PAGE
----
Re-reading this text this morning, and just had to share it:
It’s an illusion created in part by our own conviction that our unrestrained natural impulse is in itself a good thing and that we have an unquestionable right to fulfill our natural impulses so long as “no one gets hurt.”Dallas Willard, Spirit of the Disciplines, 99-100
Where have we gotten this idea about “doing what feels good”? The unrestrained hedonism of our own day comes historically from the 18th-century idealization of happiness and is filtered through the 19th-century English ideology of pleasure as the good for people. Finally it emerges in the form of our present “feel good” society—tragically pandered to by the popular culture and much of popular religion as well.
Isn’t the most generally applied standard of success for a religious service whether or not people feel good in it or after it? The preeminence of the “feel good” mentality in our world is what makes it impossible for many people now even to imagine what Paul and his contemporaries accepted as a fact of life. Our communities and our churches are thickly populated with people who are neurotic or paralyzed by their devotion and willing bondage to how they feel. Drug dependence and addiction is epidemic because of the cultural imperative to “feel good.”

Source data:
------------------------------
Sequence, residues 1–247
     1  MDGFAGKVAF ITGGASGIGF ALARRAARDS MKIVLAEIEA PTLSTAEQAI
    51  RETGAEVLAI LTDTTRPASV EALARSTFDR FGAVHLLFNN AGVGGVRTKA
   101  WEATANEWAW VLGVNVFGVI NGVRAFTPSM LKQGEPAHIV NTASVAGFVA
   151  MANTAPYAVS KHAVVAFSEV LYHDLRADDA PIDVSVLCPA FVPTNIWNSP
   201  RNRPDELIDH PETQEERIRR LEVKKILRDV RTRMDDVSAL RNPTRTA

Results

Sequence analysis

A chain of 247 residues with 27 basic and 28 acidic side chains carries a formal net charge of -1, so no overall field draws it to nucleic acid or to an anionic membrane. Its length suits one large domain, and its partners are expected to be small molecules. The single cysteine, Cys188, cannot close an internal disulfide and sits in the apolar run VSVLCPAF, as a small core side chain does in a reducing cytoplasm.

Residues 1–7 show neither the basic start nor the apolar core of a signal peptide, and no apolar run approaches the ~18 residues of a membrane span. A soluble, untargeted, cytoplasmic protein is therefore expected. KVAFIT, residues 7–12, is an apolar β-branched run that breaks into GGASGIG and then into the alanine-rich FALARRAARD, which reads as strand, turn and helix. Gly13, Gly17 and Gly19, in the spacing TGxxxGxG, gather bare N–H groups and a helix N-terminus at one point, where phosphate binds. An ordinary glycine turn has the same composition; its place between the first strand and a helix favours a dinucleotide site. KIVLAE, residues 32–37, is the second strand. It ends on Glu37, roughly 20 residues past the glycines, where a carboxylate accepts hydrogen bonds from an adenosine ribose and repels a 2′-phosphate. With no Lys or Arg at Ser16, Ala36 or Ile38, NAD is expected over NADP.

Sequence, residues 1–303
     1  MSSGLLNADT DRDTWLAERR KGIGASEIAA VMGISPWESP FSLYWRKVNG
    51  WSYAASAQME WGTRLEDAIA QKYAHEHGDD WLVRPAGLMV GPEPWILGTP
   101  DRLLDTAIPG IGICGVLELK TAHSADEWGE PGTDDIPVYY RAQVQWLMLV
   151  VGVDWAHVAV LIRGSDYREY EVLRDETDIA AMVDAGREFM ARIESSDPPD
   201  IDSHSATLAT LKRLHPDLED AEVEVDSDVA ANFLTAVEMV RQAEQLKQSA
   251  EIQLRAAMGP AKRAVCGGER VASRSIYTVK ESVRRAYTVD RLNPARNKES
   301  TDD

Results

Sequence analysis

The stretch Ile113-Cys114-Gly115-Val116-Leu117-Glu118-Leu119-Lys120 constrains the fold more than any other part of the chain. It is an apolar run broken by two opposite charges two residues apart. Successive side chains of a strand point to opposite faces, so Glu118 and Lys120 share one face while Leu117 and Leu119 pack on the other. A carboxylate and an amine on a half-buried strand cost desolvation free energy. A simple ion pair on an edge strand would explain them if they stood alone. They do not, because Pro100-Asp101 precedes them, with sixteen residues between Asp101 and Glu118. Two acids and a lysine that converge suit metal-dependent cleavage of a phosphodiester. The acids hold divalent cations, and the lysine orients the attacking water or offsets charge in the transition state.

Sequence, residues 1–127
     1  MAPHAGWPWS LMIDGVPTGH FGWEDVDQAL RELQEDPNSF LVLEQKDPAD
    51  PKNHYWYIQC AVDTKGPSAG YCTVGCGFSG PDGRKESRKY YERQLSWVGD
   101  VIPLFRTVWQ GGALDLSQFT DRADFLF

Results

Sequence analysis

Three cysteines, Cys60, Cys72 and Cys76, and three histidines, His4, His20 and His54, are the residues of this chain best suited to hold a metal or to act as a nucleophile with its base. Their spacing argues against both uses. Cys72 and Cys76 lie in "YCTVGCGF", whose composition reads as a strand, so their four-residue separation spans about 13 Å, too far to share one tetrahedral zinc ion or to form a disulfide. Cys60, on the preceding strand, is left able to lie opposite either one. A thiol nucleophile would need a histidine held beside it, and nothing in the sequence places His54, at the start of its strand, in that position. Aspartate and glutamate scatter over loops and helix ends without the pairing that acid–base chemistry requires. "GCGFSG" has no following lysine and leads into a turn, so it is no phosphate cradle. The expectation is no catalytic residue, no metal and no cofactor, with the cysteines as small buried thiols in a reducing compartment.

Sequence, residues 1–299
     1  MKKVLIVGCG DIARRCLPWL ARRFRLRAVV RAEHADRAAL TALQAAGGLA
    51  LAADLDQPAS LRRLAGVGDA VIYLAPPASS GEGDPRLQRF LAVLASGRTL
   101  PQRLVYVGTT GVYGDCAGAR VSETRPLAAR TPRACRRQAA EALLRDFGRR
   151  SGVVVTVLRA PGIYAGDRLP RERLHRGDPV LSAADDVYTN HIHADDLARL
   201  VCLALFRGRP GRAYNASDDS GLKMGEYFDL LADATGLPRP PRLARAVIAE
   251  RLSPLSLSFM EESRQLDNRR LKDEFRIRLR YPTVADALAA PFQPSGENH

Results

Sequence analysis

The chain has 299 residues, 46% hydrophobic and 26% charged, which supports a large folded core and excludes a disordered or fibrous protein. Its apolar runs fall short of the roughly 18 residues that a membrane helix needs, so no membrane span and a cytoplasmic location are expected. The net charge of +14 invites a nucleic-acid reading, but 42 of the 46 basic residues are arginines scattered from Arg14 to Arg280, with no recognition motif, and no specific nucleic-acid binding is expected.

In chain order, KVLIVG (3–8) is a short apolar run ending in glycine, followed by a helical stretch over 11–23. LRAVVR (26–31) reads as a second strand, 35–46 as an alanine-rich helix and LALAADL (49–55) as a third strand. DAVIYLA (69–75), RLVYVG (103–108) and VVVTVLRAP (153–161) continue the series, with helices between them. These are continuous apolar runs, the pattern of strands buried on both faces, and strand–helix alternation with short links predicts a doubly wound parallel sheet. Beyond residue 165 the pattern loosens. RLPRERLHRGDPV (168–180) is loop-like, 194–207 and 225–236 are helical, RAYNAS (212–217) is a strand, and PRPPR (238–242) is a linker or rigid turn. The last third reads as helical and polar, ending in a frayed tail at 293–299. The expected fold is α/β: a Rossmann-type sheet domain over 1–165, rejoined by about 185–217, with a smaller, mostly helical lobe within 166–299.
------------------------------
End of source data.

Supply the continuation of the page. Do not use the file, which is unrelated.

Whether you consider yourself conservative or liberal, if you consider yourself a Christ-follower, this quote should really give you pause and challenge you.
Have we so bought into the cultural mindset of “feeling good” that we have lost the ability to seek instead a common good that may actually be bigger than our own agendas?
If what we seek is spiritual growth and maturity, our drive to minimize our own perceived short-term suffering does us no favors in the long run.